The Sunshine Coast (including Noosa) isn't like most Australian cities. It is a fusion, an invention, a coalition of at times disparate (I won't say warring) tribes, that have coalesced to form a single urban mass estimated in the middle of last year to contain 334,000 residents, the ninth-largest on the Australian continent.
There is only one other Australian city even remotely like the Sunny Coast and we do not dare speaketh its name in this paper for Sunny Coasters are quite determined to be different to that other, darker, place.
Every city has challenges and the Sunshine Coast has challenges aplenty. It didn't have a dominant CBD until Sun Central was carved out of the Maroochydore commercial heart three years ago. And it very much remains a work in progress.
It didn't have a university until the University of the Sunshine Coast was established around the turn of the century. It too is a work in progress with plans to expand into Brisbane's northern suburbs at Petrie.
It didn't really have an international airport-oh come on, Auckland doesn't count-until its most recent expansion. I expect within a decade for there to be direct flights to perhaps 5-6 cities in China and maybe India straight into the Sunshine Coast International airport depositing tourists, students and assorted business people into the local community.
Maybe some incoming flights could be backfilled with provenance-warrantied agribusiness product from as far away as Gympie? Did you know the places generating most job growth in Brisbane and Perth between the last two censuses wasn't each city's respective CBDs, it was the airport precinct?
Did I mention warring tribes? Noosa stubbornly insists upon sitting apart from the Sunshine Coast Regional Council, but I think we all know that eventually there will be a joyous reunification as the good burghers of the Noosa Hill suddenly realise that they need to join their Buderim and Kings Beach brethren to project a single and more powerful voice to those who live beyond the realm of the Sunshine Coast.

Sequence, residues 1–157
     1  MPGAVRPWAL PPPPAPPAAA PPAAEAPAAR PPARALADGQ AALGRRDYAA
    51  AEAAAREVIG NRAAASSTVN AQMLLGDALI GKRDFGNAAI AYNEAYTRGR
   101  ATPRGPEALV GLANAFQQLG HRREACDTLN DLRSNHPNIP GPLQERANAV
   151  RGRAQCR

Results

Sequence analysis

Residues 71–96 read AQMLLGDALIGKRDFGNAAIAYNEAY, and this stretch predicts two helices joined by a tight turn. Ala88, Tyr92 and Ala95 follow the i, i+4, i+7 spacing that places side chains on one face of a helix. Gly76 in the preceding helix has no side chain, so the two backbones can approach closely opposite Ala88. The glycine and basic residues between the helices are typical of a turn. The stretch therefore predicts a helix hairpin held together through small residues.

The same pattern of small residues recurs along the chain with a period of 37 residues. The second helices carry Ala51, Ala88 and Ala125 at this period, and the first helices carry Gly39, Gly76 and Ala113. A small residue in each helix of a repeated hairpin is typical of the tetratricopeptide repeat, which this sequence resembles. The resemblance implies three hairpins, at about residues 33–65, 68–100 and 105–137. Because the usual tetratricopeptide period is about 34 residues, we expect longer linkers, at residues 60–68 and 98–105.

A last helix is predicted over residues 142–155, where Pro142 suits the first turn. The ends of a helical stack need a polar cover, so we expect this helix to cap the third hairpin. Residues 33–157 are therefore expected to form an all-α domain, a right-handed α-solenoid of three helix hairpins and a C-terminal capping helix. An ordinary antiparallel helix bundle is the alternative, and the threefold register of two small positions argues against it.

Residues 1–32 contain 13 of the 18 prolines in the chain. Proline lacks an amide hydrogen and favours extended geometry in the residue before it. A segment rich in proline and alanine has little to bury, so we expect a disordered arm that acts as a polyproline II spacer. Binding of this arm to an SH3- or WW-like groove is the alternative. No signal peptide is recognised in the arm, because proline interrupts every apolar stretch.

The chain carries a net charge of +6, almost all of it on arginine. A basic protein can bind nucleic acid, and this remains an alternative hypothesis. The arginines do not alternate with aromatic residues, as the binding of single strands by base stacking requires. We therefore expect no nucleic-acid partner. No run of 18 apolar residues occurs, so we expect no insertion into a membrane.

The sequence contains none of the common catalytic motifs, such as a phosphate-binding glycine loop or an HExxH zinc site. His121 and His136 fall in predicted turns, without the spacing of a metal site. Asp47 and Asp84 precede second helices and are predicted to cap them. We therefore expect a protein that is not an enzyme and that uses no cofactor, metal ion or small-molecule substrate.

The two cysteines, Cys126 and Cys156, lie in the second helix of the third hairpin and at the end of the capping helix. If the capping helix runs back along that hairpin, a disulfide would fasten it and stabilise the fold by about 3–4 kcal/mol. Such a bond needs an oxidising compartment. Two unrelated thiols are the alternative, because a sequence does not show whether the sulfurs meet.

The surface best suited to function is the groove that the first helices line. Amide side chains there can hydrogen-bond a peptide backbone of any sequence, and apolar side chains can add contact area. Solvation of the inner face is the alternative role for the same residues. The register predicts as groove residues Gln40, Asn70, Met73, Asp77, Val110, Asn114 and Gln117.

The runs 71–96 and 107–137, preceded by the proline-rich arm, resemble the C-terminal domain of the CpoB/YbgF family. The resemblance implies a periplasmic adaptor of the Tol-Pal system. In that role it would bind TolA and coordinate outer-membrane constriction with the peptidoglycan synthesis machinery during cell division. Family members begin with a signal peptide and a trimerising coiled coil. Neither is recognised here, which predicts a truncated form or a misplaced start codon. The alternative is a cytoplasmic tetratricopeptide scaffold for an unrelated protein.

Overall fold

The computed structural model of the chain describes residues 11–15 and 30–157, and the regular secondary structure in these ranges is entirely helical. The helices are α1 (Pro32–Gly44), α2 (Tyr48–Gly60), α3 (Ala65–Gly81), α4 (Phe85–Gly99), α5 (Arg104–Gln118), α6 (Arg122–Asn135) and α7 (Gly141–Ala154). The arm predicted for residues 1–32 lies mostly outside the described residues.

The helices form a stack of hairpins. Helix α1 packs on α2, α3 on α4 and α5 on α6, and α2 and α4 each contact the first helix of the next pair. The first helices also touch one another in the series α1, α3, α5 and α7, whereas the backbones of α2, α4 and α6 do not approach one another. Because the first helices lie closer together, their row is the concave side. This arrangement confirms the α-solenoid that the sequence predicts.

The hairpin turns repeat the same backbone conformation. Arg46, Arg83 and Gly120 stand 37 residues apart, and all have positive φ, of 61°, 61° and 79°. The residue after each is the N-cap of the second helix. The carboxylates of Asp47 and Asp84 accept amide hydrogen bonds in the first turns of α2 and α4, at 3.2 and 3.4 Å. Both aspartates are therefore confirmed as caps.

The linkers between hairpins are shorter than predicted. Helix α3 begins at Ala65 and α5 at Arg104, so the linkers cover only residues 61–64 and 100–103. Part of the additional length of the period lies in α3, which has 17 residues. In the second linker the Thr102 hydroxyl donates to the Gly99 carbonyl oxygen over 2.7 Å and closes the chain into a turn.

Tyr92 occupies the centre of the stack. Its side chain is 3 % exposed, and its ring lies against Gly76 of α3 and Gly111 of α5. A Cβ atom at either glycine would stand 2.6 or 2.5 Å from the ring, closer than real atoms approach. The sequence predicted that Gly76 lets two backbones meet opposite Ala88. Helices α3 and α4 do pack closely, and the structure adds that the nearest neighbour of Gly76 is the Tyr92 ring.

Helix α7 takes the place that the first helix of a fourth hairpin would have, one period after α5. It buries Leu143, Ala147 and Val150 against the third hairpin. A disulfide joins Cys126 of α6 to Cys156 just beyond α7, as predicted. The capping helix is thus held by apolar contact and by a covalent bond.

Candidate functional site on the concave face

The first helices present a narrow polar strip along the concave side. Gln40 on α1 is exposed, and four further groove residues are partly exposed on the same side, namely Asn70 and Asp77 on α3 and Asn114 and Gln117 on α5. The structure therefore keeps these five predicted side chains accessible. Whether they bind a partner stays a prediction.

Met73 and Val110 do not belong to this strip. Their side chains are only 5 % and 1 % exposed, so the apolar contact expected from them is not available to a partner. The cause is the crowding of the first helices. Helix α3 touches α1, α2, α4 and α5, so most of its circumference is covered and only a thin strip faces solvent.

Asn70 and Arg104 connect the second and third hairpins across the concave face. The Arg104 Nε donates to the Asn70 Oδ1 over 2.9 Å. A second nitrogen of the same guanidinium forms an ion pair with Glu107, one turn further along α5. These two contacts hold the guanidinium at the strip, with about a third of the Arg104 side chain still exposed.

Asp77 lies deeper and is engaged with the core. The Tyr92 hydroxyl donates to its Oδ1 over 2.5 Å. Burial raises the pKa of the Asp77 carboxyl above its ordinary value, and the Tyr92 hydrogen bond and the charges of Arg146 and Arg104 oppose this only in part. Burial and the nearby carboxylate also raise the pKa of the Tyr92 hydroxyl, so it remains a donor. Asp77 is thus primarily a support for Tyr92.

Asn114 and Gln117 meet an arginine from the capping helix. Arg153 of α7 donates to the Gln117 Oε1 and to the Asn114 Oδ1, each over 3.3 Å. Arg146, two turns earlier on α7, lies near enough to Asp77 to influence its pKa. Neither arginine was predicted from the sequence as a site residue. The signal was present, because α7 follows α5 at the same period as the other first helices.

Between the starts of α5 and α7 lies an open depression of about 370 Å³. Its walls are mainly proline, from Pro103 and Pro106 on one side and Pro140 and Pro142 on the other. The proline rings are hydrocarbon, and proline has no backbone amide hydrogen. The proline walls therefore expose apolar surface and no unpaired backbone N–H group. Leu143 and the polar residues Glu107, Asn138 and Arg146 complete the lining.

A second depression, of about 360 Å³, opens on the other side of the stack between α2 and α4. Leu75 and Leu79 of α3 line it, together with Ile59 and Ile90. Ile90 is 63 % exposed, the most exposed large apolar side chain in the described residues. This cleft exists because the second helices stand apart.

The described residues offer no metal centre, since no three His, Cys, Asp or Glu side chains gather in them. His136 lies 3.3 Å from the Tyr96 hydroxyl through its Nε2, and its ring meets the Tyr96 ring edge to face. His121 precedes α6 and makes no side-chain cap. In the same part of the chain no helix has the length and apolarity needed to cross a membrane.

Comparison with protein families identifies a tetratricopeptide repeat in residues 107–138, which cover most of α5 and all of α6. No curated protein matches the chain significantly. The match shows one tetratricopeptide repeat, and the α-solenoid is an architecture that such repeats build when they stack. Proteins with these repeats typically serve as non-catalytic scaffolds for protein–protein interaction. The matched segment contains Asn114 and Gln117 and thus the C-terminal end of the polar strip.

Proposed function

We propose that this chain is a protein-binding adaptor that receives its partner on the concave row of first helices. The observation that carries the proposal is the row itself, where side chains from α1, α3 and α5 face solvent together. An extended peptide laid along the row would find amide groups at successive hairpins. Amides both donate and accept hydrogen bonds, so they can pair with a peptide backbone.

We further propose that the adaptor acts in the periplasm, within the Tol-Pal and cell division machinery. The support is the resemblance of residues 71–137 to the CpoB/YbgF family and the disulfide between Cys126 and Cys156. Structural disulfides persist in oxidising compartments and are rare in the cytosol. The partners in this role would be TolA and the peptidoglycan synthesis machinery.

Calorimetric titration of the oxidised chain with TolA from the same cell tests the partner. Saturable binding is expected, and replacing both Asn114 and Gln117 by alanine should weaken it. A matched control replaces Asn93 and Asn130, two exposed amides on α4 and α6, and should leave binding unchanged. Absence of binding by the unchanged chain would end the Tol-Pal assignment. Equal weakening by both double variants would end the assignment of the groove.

I have a specific reason why I think the Sunshine Coast is the right city at the right time in history. It is a demographic reason. Population projections released by the Queensland state government last November, based on the 2016 Census, and updating previous projections made in 2015, tell a compelling story. The outlook for Queensland in 2036 has been marked down by 1 per cent or 76,000 to 6.7 million. This in itself isn't significant; what is significant is how the William Street demographic boffins reshuffled the state's outlook.
Gladstone's 2036 outlook was wound back by 33,000 or 31 per cent; Mackay lost 23,000 or 13 per cent and Townsville lost 26,000 or 9 per cent. The undisputed winner-if faster growth is the measure of winning-in this official outlook for Queensland municipalities is the Sunshine Coast (RC) up 25,000 or 6 per cent on the previous figures for 2036.
So, Minister, the South East Queensland Regional Plan released in 2016 made provision for housing, jobs and infrastructure based on a 2036 outlook for a Sunshine Coast (RC) population of 453,000, but which has now been lifted to 478,000.
Minister, we need more schools, more roads funding, more university places, more hospital beds.
Minister, these are your figures not ours.
Other 'winners' in this most recent of outlooks are the City of Brisbane up 41,000 or 3 per cent and Moreton Bay RC up 22,000 or 4 per cent. Even the 2036 outlook for capped Noosa has been upped from 62,000 to 63,000, presumably on the basis of a marginal lift in densities.
What the Sunny Coast needs is a vision of how this city-inclusive of Noosa and the broader hinterland-might operate by 2030 in a practical sense, and by 2050 in an aspirational sense.
The Sunshine Coast has a track record of getting things done-the university, the CBD, the health precinct, the airport-but there is more to do. No city the size of the Sunshine Coast on the Australian continent-specifically Geelong, Wollongong, Newcastle and even that unspoken place south of Brisbane-does not have a hard rail link to the state capital.
The Sunny Coast needs a hard rail link to Brisbane promised and delivered during the 2020s.
By 2050 I want to see the Sunshine Coast, by then a humming urban coagulation of close to 600,000, operating like a well-oiled cog connected into but not dependent upon Brisbane.
Future strategic plans must reflect the reality that the remoter bits of South East Queensland should be capable of operating independently of Brisbane. Without this vision the good ship Sunny Coast and all who sail in her are condemned to forever chase and fund infrastructure to somehow get Coast workers to city jobs.
It's far easier and cheaper, Minister, to take city jobs to Coast workers.
I want the next generation of Sunny Coasters to know deep down that their kids will have the realistic opportunity of living, working, going to university, going to global destinations, without having to trek down the Bruce Highway.
What I want for the Sunshine Coast isn't just modern-day city functionality-as important as that is including a hard rail link to Brisbane-I want sovereignty for the half a million or so people who live on the Sunshine Coast so that they are no longer dependent upon jobs or people emanating from Brisbane.
Bernard Salt is managing director of The Demographics Group. Previous page